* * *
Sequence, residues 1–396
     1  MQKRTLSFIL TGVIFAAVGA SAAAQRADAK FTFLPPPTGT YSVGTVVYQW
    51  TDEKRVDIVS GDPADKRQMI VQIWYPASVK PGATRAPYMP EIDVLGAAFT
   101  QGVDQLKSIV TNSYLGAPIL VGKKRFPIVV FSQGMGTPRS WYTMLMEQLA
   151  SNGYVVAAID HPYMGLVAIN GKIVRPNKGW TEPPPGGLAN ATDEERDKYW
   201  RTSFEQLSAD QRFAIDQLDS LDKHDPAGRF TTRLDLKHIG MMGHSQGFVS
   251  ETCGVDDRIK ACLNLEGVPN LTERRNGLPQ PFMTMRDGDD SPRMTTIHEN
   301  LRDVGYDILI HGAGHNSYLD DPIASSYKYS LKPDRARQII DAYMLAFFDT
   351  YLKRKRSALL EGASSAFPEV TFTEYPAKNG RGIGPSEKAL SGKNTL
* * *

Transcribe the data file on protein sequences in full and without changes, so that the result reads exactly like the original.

Sequence, residues 1–396
     1  MQKRTLSFIL TGVIFAAVGA SAAAQRADAK FTFLPPPTGT YSVGTVVYQW
    51  TDEKRVDIVS GDPADKRQMI VQIWYPASVK PGATRAPYMP EIDVLGAAFT
   101  QGVDQLKSIV TNSYLGAPIL VGKKRFPIVV FSQGMGTPRS WYTMLMEQLA
   151  SNGYVVAAID HPYMGLVAIN GKIVRPNKGW TEPPPGGLAN ATDEERDKYW
   201  RTSFEQLSAD QRFAIDQLDS LDKHDPAGRF TTRLDLKHIG MMGHSQGFVS
   251  ETCGVDDRIK ACLNLEGVPN LTERRNGLPQ PFMTMRDGDD SPRMTTIHEN
   301  LRDVGYDILI HGAGHNSYLD DPIASSYKYS LKPDRARQII DAYMLAFFDT
   351  YLKRKRSALL EGASSAFPEV TFTEYPAKNG RGIGPSEKAL SGKNTL